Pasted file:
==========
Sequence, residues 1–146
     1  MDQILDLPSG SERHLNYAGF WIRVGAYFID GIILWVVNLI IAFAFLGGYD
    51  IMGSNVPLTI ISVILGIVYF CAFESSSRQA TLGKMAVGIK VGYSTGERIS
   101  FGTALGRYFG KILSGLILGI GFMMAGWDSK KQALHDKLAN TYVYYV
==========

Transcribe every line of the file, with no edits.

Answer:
Sequence, residues 1–146
     1  MDQILDLPSG SERHLNYAGF WIRVGAYFID GIILWVVNLI IAFAFLGGYD
    51  IMGSNVPLTI ISVILGIVYF CAFESSSRQA TLGKMAVGIK VGYSTGERIS
   101  FGTALGRYFG KILSGLILGI GFMMAGWDSK KQALHDKLAN TYVYYV